Frankfurt (Main) Hauptbahnhof, Germany’s most important station, has been given the green light for the long-awaited new railway tunnel.
Once built, most long-distance trains will approach the station from 35 metres below ground and will call at four new underground platforms. The tunnel will relieve pressure on the crowded overground network, making services faster and more reliable for passengers.
By moving the majority of the long-distance services off the current overground lines, those lines will also be freed up to increase the number of trains providing local and regional services. In total, the tunnel should enable 250 additional trains per day at Frankfurt Station.
Now that a study has confirmed the feasibility of the tunnel, Deutsche Bahn will start the concrete planning phase. The subsequent construction period will be about ten years.
“The tunnel for the long-distance services is a further important element for the Deutschlandtakt, which will connect the country's cities in a 30-minute rhythm. Thanks to the new tunnel with two underground tracks and four platforms, we are increasing the capacity at Frankfurt from 1,250 trains per day to 1,500 trains per day – that's an increase of around 20 percent. This project strengthens the rail network for the urgently necessary mobility and climate transition in Frankfurt and Germany.”
Enak Ferlemann, the parliamentary secretary of state at Germany’s Ministry of Transport and Digital Infrastructure said milestone was a highlight in the European Year of Rail. He stressed the European dimension of the project, as many international TransEuropExpress trains, such as those running services between Berlin and Barcelona, or between Paris and Prague would use this tunnel in Frankfurt.
Frankfurt central station was a chronic bottleneck in the German railway network, he said, and said this tunnel would make long-distance services faster, increase capacity locally and deliver greater punctuality for all.
“The tunnel will open up phenomenal prospects for local and regional transit in the area. It strengthens our central interchange in the RMV network and creates space for new trips from the surrounding area, which are urgently needed. It is the piece of the puzzle that connects the many expansion plans in the region, making it crucial for a successful mobility transition that protects our climate. I'm hugely pleased that the feasibility study has reached a positive result and I hope the the planning and implementation will be swift.”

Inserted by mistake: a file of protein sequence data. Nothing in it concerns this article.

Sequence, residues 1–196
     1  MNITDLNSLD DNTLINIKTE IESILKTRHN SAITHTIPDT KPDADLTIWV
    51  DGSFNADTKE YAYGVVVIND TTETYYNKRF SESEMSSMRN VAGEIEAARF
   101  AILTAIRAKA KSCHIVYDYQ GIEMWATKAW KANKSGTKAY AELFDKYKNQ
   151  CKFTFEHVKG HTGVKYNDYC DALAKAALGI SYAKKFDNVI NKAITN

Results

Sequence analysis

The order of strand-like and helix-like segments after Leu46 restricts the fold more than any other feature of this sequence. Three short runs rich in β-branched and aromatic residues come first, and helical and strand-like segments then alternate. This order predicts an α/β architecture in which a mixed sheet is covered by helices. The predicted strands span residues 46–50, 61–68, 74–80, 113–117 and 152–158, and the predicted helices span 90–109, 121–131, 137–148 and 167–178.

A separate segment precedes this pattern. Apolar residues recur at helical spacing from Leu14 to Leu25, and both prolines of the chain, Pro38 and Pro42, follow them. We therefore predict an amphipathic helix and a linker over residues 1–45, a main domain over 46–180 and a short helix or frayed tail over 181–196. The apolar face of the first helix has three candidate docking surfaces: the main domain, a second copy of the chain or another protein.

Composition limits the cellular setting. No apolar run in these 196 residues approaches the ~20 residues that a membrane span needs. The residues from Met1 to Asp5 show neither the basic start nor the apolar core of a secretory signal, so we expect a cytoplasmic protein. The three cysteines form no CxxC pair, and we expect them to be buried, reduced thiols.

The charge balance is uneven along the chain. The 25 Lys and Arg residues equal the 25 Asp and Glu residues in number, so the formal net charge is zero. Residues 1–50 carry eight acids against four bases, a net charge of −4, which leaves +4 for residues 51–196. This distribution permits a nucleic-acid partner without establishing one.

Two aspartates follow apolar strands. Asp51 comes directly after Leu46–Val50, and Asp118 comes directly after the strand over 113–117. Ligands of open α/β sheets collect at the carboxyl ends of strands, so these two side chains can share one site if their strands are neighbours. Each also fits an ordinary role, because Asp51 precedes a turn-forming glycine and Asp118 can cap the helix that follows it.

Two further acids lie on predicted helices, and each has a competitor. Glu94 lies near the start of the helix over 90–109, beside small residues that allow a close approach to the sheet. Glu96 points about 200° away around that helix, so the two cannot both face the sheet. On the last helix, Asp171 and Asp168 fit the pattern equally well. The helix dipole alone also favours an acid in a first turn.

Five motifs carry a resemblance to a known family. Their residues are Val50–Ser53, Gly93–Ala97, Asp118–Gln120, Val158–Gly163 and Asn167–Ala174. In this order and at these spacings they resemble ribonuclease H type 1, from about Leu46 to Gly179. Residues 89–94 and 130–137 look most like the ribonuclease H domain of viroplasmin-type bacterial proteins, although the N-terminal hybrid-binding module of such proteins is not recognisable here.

The German government commissioned the feasibility study in 2019. It assumes a tunnel with two tracks approaching Frankfurt’s central station from the east/west, where it will connect with four tracks to a new underground station.
The results of the study show that the tunnel and the underground station are technically feasible. The permissible costs of around 3.6 billion euros are also achievable today.
Deutsche Bahn examined a northern, central and southern corridor between the central station and Frankfurt’s eastern side. The central corridor runs beneath skyscrapers. Their foundations are up to 50m deep, making it difficult to construct a tunnel. The northern corridor also runs into several built obstacles.
The southern corridor emerged as the best option. It runs underground, past Frankfurt’s skyscrapers and to the central station. A further advantage is that the future tunnel could be connected to the existing railway network in two different locations to the east of the station: the line north of the Main river, and the line to the south. This would create the optimal capacity for all trains towards Hanau. To the west the tunnel will be connected to the new, third Niederrad Bridge.
In the feasibility study, Deutsche Bahn also examined the different options for building and designing the new underground station. It will be built under the southern part of the existing central station.
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